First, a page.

Now, then about the feminist point of view. Captain Marvel has strong female characters, but it doesn't feel like a chickflick. It does show how women feel being put down a lot. In their development, in their aspirations, especially when they want to do a 'mans' job. Other than that men and women are portrait as equal characters, a man might kick a womans ass, and the other way around..
Empathy is a strength
I felt there was a bigger message, and I wonder if the male viewers will feel/see that too.
*spoilers* In the movie, Captain Marvel is being told to keep emotions out. They will only make her weak. There is no room for empathy, or any other feelings. This is something that really resonates with me as a woman. Girls and women are often seen as too emotional, they nag or cry too much, they exaggerate (think #metoo).. These words are used by men who want to make a woman insecure, or manipulate her. Captain Marvel shows that you can embrace who you are fully, with all your emotions, and how that can make you even stronger. Empathy and intuition are no weakness, they are a strength. For women, and for men!
Recently I bought Guardians of the Galaxy figures at my local drugstore. They where an instant hit with my Geeklings. I was a bit frustrated though, I had all the figures, except for Gamora. What was that about??
Totally ready to blame the drugstore I send an e-mail about the problem. But then I did some research.. Even though Gamora is cleary visible on the package, there is no figure of her in this set! Instead of the missing Guardian, they choose to feature badguy Ronan.. No kidding..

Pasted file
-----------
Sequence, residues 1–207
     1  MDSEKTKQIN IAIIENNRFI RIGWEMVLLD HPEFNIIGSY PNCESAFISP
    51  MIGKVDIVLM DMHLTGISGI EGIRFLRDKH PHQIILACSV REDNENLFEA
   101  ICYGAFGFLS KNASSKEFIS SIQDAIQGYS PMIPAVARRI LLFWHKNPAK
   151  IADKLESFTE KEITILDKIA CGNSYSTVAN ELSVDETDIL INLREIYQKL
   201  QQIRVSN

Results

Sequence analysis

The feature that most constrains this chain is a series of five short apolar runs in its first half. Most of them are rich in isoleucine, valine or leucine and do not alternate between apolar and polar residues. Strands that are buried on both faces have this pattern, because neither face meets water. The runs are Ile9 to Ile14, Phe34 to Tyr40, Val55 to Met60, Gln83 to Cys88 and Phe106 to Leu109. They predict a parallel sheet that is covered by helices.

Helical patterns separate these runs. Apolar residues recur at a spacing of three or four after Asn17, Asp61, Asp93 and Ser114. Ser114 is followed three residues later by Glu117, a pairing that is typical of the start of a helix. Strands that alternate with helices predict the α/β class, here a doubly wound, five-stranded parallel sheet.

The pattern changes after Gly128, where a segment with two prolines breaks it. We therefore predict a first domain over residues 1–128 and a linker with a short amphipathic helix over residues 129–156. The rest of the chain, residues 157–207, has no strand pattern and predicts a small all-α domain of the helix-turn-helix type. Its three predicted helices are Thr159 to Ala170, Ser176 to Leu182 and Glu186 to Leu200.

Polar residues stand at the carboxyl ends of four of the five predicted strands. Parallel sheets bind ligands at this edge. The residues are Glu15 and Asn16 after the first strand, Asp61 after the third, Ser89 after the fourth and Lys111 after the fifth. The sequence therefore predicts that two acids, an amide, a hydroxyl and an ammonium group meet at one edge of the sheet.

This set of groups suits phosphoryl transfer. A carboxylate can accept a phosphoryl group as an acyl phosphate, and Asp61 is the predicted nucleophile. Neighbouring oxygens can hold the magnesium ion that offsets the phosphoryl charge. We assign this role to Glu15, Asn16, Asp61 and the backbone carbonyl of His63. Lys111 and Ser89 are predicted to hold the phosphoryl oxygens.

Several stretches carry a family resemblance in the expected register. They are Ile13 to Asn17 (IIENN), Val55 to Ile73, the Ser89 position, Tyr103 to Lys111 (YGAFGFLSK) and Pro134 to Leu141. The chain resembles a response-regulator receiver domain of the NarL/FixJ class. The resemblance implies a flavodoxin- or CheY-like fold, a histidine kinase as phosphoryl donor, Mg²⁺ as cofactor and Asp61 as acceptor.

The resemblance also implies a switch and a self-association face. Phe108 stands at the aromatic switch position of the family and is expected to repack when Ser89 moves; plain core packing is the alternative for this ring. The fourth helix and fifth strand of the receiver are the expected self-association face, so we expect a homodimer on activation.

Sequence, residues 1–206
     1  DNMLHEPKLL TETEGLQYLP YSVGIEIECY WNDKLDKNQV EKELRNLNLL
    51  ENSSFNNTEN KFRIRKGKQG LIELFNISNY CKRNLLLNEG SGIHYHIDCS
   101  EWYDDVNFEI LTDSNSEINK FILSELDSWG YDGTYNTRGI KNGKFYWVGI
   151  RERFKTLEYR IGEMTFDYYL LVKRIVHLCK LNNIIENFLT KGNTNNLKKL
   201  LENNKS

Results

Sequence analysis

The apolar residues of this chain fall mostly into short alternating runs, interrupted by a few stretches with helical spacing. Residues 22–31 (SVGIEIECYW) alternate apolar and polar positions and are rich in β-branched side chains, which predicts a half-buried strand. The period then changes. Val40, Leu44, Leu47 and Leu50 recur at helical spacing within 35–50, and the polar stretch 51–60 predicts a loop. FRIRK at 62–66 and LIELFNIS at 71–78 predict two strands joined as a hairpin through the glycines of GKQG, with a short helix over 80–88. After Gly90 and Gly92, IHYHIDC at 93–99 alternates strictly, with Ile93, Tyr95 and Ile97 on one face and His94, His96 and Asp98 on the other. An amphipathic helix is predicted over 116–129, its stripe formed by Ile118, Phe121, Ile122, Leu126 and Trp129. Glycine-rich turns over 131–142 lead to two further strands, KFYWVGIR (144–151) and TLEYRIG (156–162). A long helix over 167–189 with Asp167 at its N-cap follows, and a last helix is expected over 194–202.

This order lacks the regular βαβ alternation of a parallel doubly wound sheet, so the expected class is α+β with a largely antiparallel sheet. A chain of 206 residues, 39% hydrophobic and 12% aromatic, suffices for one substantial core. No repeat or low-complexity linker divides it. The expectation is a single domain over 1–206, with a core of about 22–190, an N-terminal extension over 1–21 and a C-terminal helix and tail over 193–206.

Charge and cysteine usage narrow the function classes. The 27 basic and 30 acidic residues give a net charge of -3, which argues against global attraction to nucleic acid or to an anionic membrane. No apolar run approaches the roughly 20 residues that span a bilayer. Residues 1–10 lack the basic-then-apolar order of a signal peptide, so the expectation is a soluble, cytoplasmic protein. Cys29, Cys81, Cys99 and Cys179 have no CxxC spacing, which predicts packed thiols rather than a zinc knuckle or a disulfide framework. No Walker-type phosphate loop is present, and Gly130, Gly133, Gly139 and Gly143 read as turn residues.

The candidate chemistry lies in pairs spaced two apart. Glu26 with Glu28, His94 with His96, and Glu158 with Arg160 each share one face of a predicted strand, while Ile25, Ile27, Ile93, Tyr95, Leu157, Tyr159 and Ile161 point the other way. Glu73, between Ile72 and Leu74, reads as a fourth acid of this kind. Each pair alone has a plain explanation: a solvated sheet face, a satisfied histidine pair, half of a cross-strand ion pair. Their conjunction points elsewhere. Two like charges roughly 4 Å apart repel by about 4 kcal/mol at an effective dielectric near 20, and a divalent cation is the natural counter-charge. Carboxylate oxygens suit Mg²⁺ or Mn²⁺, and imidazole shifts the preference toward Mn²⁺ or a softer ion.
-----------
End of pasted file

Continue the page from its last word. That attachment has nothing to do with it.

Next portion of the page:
Where is Gamora??
I am a bit late at the game, but Marvel has a habit of doing this. When the first Guardians movie came out, Gamora was also missing from the action figure set that came out. I was quite shocked when I found out. How can you dismiss her? The Guardians are a team of five, not four! The internet thought so too and #whereisgamora was born.
Personally I don't consider myself much of a feminist, but even I couldn't help but question, does Marvel have an issue with its female superheroes?
Marvels issue with female heroes
Sadly, the answer is YES. Gamora is missing from my set of figures too, and also excluded on t-shirts. The same story is true for other female heroes Scarlet Witch and Black Widow. After Age of Ultron came out website The Mary Sue wrote: "Marvel and Disney announced all of their official Ultronmerch, and Black Widow is virtually nowhere to be found (though she’s better off than Scarlet Witch, who is literally nowhere to be found)."
Girls won't buy action figures?!
On the website Womenyoushouldknow, Contributor John Marcotte – feminist dad, web designer, writer, comics junkie, and “Award-Winning Author” – weighed in on the Gamora matter. “I bet their logic is that adding Gamora would not gain any sales to girls, but might cost them some sales to female-averse boys.” He added, “It’s a self perpetuating cycle: the toy companies say that girls won’t buy action figures so they only make them for boys. Girls who like action figures look and find absolutely nothing for girls, so they don’t buy anything. The toy companies say, ‘See? Told you. Girls won’t buy action figures.'”
DC does it better: Super Hero Girls
How it cán be done is shown by Marvels rival, DC. This company has created it's own universe for girls, the DC Super Hero Girls. Merchandise, books, figures.. It can be said that DC sees the hole in the market that Marvel leaves wide open.. I bought a Super Girl dress up set for my girls and they love to play superhero all the time, chasing each other, catching the bad guy (dad).